Kate Dudding: Hiking

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Our family started hiking because of one of my husband’s brilliant ideas. We often do new things because of his brilliant ideas.

This one happened on a Wednesday night in August when our son was 7. My husband came home and announced,

"We should climb a mountain this weekend."

"What? Climb a mountain? We don’t know anything about climbing mountains!"

"Well, Rudy takes his kids hiking in the Adirondacks all the time. You know, those mountains are only an hour away. And some of his kids are younger than our son."

"We don’t even have any books on hiking."

"OK, so I’ll call Rudy tonight and have him bring in some books tomorrow."

So by Saturday, I had read the books, especially about Hadley Mountain, the mountain that Rudy had recommended, and we had food, water, some sort of rain gear, a rudimentary First Aid kit, and the book in our packs. We were wearing sneakers, which I knew was not right – the book said that hiking boots were very important. But we didn’t know if we’d like hiking, so we didn’t buy any.

Hiking was a good idea. When we got to the top of Hadley Mountain, all we could see were mountains covered with trees and a lake. I had never seen anything like that before. And I thought,

"I got all the way up here, on my own feet!"

And even though I climbed down rather slowly, I’ve always been afraid of tripping and falling, and took the steep parts on my butt, it was a wonderful experience, which we repeated on other Adirondack mountains.

So it should not have come as a surprise to me when, two years later, while staying in a motel in Yellowstone National Park, my husband woke up one morning and said,

"We should climb Mount Washburn today."

"What? We don’t know anything about climbing mountains in this part of the country. I haven’t even read about that in my books."

"Well, you read your books. I’m getting dressed and I’ll buy us some lunch."

So while my husband was getting ready, I read.

"Hm, Mount Washburn is about the same distance a hike as Hadley Mountain and about the same change in elevation. Hmm, from the top, you can see not only Yellowstone National Park, but also the whole Grand Teton mountain range to the south. Hmmm, there are two kinds of bears, black bears AND grizzly bears. Hmmmm, bears have never been known to attack parties of 5 of more. We’re just a party of 3 – I’ve got to talk to a ranger!"

So I got dressed and went over to the ranger station. There was a line to talk to the rangers behind the counter. But I noticed a ranger over to the side. He was pretty cute, and he had just answered someone else’s questions. So I went over to him.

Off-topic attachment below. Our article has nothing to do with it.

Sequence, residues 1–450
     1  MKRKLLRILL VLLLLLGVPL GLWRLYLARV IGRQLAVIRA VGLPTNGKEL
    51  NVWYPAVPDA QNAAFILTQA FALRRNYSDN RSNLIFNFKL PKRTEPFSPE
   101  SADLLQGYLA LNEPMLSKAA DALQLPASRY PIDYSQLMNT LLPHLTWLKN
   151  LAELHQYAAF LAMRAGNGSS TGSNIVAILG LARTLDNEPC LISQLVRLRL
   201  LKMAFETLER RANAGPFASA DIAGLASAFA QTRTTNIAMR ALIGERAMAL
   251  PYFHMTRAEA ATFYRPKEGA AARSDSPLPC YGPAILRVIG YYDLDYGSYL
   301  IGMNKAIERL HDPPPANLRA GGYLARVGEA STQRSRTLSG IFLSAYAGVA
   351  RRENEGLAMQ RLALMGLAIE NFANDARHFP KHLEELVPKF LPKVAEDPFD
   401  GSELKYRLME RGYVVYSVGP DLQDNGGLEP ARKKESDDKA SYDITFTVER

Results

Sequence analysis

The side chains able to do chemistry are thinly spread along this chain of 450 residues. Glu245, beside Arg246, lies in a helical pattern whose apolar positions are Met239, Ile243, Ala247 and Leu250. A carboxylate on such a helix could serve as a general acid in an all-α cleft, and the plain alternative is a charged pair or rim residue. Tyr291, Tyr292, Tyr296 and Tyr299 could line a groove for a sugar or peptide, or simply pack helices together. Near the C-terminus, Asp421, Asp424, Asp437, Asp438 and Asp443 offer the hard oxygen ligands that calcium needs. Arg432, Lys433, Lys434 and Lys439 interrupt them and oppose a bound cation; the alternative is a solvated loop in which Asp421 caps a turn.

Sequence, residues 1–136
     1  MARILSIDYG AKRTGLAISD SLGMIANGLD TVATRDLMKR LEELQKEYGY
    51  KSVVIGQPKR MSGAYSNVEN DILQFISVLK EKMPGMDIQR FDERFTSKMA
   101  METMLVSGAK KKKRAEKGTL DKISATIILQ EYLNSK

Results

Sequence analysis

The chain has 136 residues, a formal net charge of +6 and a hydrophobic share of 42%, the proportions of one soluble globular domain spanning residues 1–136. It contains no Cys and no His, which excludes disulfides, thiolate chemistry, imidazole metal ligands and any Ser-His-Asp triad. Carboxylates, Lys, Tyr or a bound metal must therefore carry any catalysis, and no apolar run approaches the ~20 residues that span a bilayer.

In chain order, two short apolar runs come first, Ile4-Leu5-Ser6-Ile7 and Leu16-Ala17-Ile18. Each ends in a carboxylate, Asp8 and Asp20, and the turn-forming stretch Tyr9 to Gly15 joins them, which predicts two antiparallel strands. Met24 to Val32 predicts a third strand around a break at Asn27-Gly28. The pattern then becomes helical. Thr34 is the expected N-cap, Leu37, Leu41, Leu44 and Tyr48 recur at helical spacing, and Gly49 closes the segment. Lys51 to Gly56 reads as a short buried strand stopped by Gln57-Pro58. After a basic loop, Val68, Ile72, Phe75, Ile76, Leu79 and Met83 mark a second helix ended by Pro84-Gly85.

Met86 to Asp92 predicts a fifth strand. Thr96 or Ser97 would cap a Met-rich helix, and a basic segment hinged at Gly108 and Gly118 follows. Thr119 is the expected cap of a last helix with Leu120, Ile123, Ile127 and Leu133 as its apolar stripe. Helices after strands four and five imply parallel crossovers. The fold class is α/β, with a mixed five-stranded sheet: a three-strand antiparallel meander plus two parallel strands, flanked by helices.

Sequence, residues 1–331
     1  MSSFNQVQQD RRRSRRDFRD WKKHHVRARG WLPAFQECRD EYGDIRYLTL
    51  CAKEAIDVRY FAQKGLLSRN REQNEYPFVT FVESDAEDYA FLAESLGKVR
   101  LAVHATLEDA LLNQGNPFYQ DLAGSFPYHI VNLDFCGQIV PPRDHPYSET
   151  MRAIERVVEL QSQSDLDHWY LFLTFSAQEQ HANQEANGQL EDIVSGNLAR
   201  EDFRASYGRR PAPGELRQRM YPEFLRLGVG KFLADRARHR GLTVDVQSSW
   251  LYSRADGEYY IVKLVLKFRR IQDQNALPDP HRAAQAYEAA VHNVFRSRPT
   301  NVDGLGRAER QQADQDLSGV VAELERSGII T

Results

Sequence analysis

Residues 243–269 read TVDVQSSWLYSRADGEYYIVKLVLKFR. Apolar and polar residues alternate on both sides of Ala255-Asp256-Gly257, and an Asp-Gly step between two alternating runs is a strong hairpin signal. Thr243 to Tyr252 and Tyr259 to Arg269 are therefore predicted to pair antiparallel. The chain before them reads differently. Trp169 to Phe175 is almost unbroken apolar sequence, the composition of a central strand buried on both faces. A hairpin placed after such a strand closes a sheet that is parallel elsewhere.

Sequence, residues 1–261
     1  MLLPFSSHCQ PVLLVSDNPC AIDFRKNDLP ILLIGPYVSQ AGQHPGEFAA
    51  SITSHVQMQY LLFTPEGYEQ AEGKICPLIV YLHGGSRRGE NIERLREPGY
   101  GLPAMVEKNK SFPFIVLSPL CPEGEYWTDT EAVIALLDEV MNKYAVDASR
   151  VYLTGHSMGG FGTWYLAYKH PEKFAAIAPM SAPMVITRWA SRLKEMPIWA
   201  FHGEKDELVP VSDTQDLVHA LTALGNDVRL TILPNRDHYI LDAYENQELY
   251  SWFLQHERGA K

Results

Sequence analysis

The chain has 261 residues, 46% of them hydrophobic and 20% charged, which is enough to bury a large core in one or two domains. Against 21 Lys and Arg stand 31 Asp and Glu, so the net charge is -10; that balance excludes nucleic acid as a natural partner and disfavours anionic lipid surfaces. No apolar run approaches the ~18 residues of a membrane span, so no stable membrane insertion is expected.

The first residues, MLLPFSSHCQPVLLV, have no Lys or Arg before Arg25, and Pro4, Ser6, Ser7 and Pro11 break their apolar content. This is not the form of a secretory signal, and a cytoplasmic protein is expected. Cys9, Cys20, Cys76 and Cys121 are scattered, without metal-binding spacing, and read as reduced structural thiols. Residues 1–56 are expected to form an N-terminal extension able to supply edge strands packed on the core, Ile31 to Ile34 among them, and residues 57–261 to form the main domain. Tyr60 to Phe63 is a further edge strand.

"Could you answer a couple of questions about Mount Washburn?"

"Sure, ma’am."

"MA’AM ?!?," I thought.

"I read in my guide book about bears not attacking parties of 5 or more. I’m going to be hiking with just my husband and our 9-year-old son. I know Mount Washburn is a popular hike, so we should be OK. But do you have any suggestions to help us?"

"Well, ma’am, I think you should buy some bear bells for hikers. They’re two big jingle bells on a leather thong that you attach to your backpack. That way, you’ll always be making noise and not startle any bears. Usually the bears go the other way when they hear noise."

"Oh, can I get the bells here?"

"Sure, ma’am, they sell them in the store."

"Is there anything I should get?"

"Well, today, ma’am, I’d suggest you also get some pepper spray, sort of bear mace, just in case."

"Aaah, why the pepper spray today?"

"Well, ma’am, a grizzly bear has been sighted on Mount Washburn, NOT on the main path, but a couple of miles further into the back country. And that grizzly doesn’t seem to go the other way when he hears people. We’re keeping an eye on him – he might need to be captured and relocated to the back of the park."

"Oh, ah, I see. Jingle bells and pepper spray. Anything else?"

"Well, ma’am you could do us a big favor."

"I could? How?"

"Well, ma’am, when you’re hiking, if you find any bear scat on the trail, it would be good if you could tell if it were black bear scat or grizzly bear scat. It would help us learn more about that grizzly."

"You want me to poke around bear scat??? I mean, I’ve dissected an owl pellet with my son, when wearing gloves, but scat ???"

"Oh ma’am, you won’t have to poke around the scat. I can teach you how the difference real easy."

"OK, I guess. So what does black bear scat look like?"

"It has nuts and berries and other vegetable matter in it."

"OK, so how is grizzly bear scat different?"

"That’s easy, ma’am. Grizzly bear scat has bells in it,

and it smells of pepper."






(While this story is true, up until the cute ranger, I found the punch line on the Internet. KED)

Copyright 1999 by Kathryn Eike Dudding. All Rights Reserved.


Kate Dudding (518) 383-4620
8 Sandalwood Drive kate@katedudding.com
Clifton Park, NY 12065-2700 USA
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